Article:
Scathing Letters

To: Roberta Hanley | From: Bob Shaye

COMMENTS: LONDON FIELDS is a fairly disjointed and predominantly nonsensical drama that fails to offer much in the way of a coherent plot, developed characters or a satisfying ending. Things seem to take place randomly, with little reason for events to occur. The main characters are incredibly simplistic and unsympathetic and we never connect with either on a deeper level. Because we aren?t involved with the plot or characters emotionally, we simply do not care about what transpires. It is unclear what the authors were attempting to accomplish in this screenplay, but it is safe to say that whatever it is they did not succeed. Perhaps they were going for a quirky, gritty drama/thriller, but this story doesn?t possess the intensity or coolness necessary to pull that off. All in all, LONDON FIELDS is an utterly uninspired script that falters instantly out of the gate and never recovers; making it an unmitigated pass on all levels. While there are insurmountable problems present, the author does deserve credit for his/her attempt in fashioning a meandering, manipulative movie that also contains shockingly brutal moments and steamy sexuality. The notion of a dying author using the real life exploits and schemes of a sexy young woman as source material for his novel seems to be perfect fodder for a gripping yarn. The harsh London locales utilized in this script are also helpful, as are the brooding characters, as they provide the screenplay with a ?vibe? that is sorely needed. Sadly, these positive components are in no way sufficient to raise this script to a viable level. The largest problem by far is the fact that the plot is nearly incomprehensible. We meet Samson, Nicola, Keith, and Guy and have little clue about what makes them tick. Samson and Nicola form some strange alliance, yet at no time are we capable of discerning what Nicola is attempting to do with her manipulations of Keith and Guy. It literally makes no sense. Additionally, there isn?t a single character on the page that is likeable or sympathetic. Nicola is a scheming black widow; Samson is using Nicola?s personal diaries as fodder for his novel; Keith is an oversexed scumbag; and Guy is an adulterer. Guy is the closest thing we have to an empathetic character, but his role in this drama is limited and thin. Samson and Nicola seem to be in cahoots with her scheme, but they don?t seem to have any clearly defined destination or plan. Why is that? Why does she feel the need to manipulate Keith and Guy? We know why Samson is involved (he wants to write the story) but Nicola?s agenda is invisible. Why can?t the writers expand on her mission, thus giving the story a bit of focus and purpose? It just doesn?t track. Further, the plot is handcuffed by a lack of tension and jeopardy. As mentioned above, there isn?t any driving force behind either Samson or Nicola?s agenda. There needs to be a ticking clock present; something other than the vaguely described, impending murder of Nicola. In fact, her supposed psychic abilities aren?t explained or fleshed out at all. If she knows she?s going to die, why not change things, hoping to avoid it? It makes no sense. On a final note, when it is revealed that Samson is her murderer (and the murderer of Keith and Guy) it comes out of left field. Why would he kill her or them? He says it?s out of love, but nothing has happened to indicate that fact. It?s so wildly unfocused and underdeveloped, it is baffling. It is quite annoying. Overall, LONDON FIELDS is a screenplay that goes nowhere fast. A decent backdrop and some nicely violent and steamy scenes are squandered by a terrible plot and even more problematic characters. At no time does anything transpire that registers an impact with the reader; miring the script in lackluster territory. The negatives far outweigh any positives, making this a pass for both the writers and the project at this time. COMMERCIAL POTENTIAL: None whatsoever.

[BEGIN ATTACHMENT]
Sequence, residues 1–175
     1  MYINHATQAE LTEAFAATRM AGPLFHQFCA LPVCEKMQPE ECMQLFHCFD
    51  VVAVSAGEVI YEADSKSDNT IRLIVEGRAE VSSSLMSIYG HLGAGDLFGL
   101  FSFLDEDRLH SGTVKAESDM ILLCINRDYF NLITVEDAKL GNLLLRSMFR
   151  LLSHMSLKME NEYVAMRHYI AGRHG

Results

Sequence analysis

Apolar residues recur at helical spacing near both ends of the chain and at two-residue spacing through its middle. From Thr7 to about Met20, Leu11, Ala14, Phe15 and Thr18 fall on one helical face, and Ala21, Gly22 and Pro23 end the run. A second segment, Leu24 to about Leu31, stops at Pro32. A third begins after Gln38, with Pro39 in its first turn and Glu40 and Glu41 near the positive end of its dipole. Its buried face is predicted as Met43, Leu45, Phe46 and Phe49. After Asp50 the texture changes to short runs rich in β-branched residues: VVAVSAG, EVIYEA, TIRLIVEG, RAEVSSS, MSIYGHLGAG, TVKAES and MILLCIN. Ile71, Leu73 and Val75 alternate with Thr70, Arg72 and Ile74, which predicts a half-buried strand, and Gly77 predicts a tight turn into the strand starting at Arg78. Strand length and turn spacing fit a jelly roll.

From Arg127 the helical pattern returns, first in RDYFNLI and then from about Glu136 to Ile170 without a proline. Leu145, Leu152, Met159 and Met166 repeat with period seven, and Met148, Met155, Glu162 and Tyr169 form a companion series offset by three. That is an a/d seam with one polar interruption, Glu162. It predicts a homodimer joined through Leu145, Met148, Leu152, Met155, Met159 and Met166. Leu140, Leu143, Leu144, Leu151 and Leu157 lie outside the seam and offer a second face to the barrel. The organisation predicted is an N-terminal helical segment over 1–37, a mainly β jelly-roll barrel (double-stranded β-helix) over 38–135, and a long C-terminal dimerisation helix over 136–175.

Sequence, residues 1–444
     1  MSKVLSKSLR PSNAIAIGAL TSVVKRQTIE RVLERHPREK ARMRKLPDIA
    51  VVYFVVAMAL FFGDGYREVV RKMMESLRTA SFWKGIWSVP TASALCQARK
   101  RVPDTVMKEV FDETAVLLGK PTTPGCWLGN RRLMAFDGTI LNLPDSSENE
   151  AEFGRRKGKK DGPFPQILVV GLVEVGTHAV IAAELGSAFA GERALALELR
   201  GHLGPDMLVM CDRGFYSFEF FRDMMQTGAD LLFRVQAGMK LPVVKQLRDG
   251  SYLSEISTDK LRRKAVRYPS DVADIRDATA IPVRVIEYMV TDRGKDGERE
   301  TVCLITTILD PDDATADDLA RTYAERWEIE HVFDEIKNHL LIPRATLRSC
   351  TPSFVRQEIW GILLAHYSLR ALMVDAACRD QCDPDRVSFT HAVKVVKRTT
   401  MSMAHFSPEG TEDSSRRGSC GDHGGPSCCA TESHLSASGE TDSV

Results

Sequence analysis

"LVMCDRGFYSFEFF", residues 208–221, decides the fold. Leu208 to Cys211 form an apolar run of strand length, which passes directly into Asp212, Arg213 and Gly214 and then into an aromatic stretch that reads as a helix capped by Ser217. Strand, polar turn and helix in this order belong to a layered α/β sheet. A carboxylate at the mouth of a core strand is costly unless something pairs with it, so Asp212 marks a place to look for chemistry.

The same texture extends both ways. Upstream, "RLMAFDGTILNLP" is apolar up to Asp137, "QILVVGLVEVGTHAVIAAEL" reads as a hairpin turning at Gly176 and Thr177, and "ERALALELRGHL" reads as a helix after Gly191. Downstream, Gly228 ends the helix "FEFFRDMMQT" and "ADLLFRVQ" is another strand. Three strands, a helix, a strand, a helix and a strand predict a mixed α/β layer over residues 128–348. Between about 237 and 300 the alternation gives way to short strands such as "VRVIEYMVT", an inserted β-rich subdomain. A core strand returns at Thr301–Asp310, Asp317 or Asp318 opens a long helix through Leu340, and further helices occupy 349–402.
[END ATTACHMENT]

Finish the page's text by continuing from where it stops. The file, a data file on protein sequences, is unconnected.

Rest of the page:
COMMENTS: LONDON FIELDS is a fairly disjointed and predominantly nonsensical drama that fails to offer much in the way of a coherent plot, developed characters or a satisfying ending. Things seem to take place randomly, with little reason for events to occur. The main characters are incredibly simplistic and unsympathetic and we never connect with either on a deeper level. Because we aren?t involved with the plot or characters emotionally, we simply do not care about what transpires. It is unclear what the authors were attempting to accomplish in this screenplay, but it is safe to say that whatever it is they did not succeed. Perhaps they were going for a quirky, gritty drama/thriller, but this story doesn?t possess the intensity or coolness necessary to pull that off. All in all, LONDON FIELDS is an utterly uninspired script that falters instantly out of the gate and never recovers; making it an unmitigated pass on all levels. While there are insurmountable problems present, the author does deserve credit for his/her attempt in fashioning a meandering, manipulative movie that also contains shockingly brutal moments and steamy sexuality. The notion of a dying author using the real life exploits and schemes of a sexy young woman as source material for his novel seems to be perfect fodder for a gripping yarn. The harsh London locales utilized in this script are also helpful, as are the brooding characters, as they provide the screenplay with a ?vibe? that is sorely needed. Sadly, these positive components are in no way sufficient to raise this script to a viable level. The largest problem by far is the fact that the plot is nearly incomprehensible. We meet Samson, Nicola, Keith, and Guy and have little clue about what makes them tick. Samson and Nicola form some strange alliance, yet at no time are we capable of discerning what Nicola is attempting to do with her manipulations of Keith and Guy. It literally makes no sense. Additionally, there isn?t a single character on the page that is likeable or sympathetic. Nicola is a scheming black widow; Samson is using Nicola?s personal diaries as fodder for his novel; Keith is an oversexed scumbag; and Guy is an adulterer. Guy is the closest thing we have to an empathetic character, but his role in this drama is limited and thin. Samson and Nicola seem to be in cahoots with her scheme, but they don?t seem to have any clearly defined destination or plan. Why is that? Why does she feel the need to manipulate Keith and Guy? We know why Samson is involved (he wants to write the story) but Nicola?s agenda is invisible. Why can?t the writers expand on her mission, thus giving the story a bit of focus and purpose? It just doesn?t track. Further, the plot is handcuffed by a lack of tension and jeopardy. As mentioned above, there isn?t any driving force behind either Samson or Nicola?s agenda. There needs to be a ticking clock present; something other than the vaguely described, impending murder of Nicola. In fact, her supposed psychic abilities aren?t explained or fleshed out at all. If she knows she?s going to die, why not change things, hoping to avoid it? It makes no sense. On a final note, when it is revealed that Samson is her murderer (and the murderer of Keith and Guy) it comes out of left field. Why would he kill her or them? He says it?s out of love, but nothing has happened to indicate that fact. It?s so wildly unfocused and underdeveloped, it is baffling. It is quite annoying. Overall, LONDON FIELDS is a screenplay that goes nowhere fast. A decent backdrop and some nicely violent and steamy scenes are squandered by a terrible plot and even more problematic characters. At no time does anything transpire that registers an impact with the reader; miring the script in lackluster territory. The negatives far outweigh any positives, making this a pass for both the writers and the project at this time. COMMERCIAL POTENTIAL: None whatsoever.